"As a competitor, there was none fiercer than Anthony Mason," Jackson said. "Standing on the opposite end of the playing field, coaching in those great Chicago/New York battles, No. 14 in Orange and Blue always stood out. On behalf of the entire Knickerbocker community, our condolences go out to his family."

Mason won the NBA's Sixth Man Award in 1994-95 as a member of the Knicks. He also played with the Charlotte Hornets, Milwaukee Bucks and Miami Heat following his stint with the Knicks.

"Anthony was a multifaceted individual," his longtime agent Don Cronson told ESPN.com's Ian O'Connor. "There were many aspects to his personality, and some that people weren't aware of. In the best sense of the term he was a momma's boy. From the day I met him he was always thinking of his mom and taking care of her. As rough and tough as he was, Anthony was also a doting father, and I saw that many times.

"Anthony willed himself into the NBA, and very few players can do that. Any NBA team could've had him for a nickel, and he turned out to be the perfect Pat Riley player. I think Pat saw a lot of himself in Anthony, and really they were the same guy. That's why they butted heads as often as they did. They were both blue-collar guys and fighters. Anthony told me, 'Pat Riley was the one who gave me my chance. He's the one who saw something in me when nobody else did.'"

Mason was reunited with Riley later in his career while playing for Miami, where he was named to his one and only All-Star team in 2001.

Mason's career is a story of perseverance.

After playing high school basketball at Springfield Gardens in Queens and college basketball at Tennessee State University, Mason was selected in the third round of the 1988 NBA draft by the Portland Trail Blazers, who waived him shortly thereafter.

Mason then played in Turkey and Venezuela before joining the then-New Jersey Nets and Denver Nuggets for short stints. He also played in the USBL and CBA.

Mason found a permanent home with the Knicks in 1991 after receiving an invite to play on the organization's summer league team.

Riley appreciated Mason's intense, physical approach and kept him on the roster, beginning a run that would end with Mason leaving an indelible mark on the Knicks organization and its fan base.

"Anthony Mason exemplified perseverance for all players fighting for their chance in the NBA," NBA commissioner Adam Silver said. "NBA fans and players around the league admired his tenacity on defense and playmaking on offense."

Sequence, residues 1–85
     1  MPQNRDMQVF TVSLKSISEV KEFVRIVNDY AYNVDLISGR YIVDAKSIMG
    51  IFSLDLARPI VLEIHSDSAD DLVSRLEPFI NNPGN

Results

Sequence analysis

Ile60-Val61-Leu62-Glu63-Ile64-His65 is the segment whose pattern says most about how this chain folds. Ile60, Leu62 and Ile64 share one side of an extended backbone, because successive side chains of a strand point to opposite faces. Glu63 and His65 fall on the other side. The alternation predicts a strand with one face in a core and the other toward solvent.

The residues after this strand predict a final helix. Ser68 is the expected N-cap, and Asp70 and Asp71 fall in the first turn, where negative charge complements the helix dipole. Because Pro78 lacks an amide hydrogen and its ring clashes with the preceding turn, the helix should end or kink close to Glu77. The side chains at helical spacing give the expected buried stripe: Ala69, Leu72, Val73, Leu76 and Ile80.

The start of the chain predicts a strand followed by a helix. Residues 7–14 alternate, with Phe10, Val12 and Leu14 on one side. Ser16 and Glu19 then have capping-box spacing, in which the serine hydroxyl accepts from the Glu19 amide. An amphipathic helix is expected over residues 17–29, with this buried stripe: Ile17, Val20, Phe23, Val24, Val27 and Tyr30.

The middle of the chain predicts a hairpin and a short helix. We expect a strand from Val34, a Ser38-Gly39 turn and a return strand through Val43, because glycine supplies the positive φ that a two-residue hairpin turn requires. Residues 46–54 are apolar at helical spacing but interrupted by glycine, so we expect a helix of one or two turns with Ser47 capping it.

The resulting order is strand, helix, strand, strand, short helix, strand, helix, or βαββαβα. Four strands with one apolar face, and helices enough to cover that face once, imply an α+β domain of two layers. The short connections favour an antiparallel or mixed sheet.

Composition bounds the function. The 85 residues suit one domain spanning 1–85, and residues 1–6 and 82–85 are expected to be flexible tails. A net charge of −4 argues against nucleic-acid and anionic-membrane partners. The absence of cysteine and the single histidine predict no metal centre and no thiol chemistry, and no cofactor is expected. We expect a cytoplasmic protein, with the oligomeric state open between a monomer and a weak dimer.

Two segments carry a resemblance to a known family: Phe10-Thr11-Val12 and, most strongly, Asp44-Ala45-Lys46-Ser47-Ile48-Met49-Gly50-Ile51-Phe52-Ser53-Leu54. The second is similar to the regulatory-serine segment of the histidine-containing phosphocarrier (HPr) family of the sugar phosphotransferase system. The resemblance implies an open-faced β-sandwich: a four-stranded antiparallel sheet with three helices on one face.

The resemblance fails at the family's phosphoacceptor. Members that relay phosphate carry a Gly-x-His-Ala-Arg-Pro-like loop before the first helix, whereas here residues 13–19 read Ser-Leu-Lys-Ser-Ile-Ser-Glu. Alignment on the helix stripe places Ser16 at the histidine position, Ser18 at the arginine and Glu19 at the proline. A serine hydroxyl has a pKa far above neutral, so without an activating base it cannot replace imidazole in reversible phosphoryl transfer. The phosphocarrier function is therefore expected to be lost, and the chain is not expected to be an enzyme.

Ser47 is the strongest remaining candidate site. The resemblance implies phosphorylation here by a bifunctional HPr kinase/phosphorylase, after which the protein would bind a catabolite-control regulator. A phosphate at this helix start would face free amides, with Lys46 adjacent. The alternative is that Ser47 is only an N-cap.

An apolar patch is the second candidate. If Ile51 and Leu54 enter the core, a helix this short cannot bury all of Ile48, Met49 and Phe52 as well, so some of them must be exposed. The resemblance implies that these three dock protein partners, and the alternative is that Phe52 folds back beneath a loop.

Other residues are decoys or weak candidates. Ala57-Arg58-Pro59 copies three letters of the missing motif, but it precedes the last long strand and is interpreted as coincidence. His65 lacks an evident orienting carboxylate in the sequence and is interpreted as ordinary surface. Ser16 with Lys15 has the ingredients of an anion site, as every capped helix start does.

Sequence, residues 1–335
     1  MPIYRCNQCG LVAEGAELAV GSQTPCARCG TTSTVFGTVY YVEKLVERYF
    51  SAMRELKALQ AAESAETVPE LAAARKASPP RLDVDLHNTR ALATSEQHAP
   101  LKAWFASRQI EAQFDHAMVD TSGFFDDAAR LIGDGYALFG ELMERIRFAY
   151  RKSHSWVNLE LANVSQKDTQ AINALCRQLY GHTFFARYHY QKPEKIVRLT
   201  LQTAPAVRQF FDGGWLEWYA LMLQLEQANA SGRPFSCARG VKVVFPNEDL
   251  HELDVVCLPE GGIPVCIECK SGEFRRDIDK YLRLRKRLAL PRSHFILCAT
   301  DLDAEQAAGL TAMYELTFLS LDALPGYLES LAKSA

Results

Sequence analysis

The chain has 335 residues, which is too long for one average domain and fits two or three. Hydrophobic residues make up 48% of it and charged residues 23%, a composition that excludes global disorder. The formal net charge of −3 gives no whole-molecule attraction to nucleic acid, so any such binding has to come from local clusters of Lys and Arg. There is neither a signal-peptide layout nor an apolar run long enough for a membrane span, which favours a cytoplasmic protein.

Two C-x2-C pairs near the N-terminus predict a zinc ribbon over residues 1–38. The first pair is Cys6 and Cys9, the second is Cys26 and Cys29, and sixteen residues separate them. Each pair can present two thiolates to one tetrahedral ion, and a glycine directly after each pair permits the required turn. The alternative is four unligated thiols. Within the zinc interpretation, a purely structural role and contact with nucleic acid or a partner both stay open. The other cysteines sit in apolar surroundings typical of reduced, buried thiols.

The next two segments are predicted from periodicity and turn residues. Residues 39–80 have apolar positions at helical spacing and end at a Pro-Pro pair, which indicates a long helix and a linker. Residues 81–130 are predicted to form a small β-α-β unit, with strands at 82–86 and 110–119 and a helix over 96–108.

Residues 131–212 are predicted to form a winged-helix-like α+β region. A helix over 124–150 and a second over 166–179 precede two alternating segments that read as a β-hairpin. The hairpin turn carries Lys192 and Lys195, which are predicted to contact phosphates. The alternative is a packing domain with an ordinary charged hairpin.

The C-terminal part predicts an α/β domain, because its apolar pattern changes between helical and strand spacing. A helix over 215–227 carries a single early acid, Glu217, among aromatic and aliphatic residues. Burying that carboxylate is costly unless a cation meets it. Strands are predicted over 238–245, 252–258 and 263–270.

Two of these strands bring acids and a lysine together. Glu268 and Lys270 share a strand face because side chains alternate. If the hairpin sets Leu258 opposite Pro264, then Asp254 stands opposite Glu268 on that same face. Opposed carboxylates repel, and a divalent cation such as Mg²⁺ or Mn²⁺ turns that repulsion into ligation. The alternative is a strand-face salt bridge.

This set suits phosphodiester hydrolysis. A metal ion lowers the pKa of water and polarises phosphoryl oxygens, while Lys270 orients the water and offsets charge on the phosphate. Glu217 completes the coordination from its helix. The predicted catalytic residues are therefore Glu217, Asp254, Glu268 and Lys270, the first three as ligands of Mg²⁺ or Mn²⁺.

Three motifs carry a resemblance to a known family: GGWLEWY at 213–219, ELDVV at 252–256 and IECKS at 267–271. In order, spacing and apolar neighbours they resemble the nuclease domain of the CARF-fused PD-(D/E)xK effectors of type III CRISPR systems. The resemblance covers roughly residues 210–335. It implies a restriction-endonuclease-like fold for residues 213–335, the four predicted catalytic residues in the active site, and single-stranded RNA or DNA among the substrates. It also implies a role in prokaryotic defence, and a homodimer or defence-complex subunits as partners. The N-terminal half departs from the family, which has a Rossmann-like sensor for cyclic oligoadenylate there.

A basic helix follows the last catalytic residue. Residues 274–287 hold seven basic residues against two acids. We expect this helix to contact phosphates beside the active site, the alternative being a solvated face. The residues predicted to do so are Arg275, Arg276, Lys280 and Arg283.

ESPNNewYork.com's Ian Begley and Ian O'Connor contributed to this report.

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Wow Lebron choking hardcore today at the freethrow line. Down 1, he gets the foul call with 4 secs left in overtime and missed both FTs.

I like that both our two next opponents played in hard physical games that went to OT.

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sX36M5G.jpg

I mean it actually kind of perplexes me. He was really clutch coming down the stretch including burying 3s that were nothing but net, but then he goes 3-11 from the free throw line. huh.png

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Interesting game going on in Boston. Celtics had a 26 point lead on Golden State, have all but melted it (kind of predictably) in the closing minutes.

If Celtics were to somehow hang on it would not only give us the best record in the NBA, but help our lottery chances as well.

Edit: Yep they lost lol

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0 incorrect calls? And Putin didn't shoot that guy right?

No he didn't. Seriously though I hate when people say 0 incorrect calls. I could count at least 5 that may have been.

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It doesn't matter if you've been to the playoffs. 1 series doesn't really mean all that much.

Thabo is really the only person on this roster that's experienced the beast that is the NBA playoffs.

Gotta start somewhere.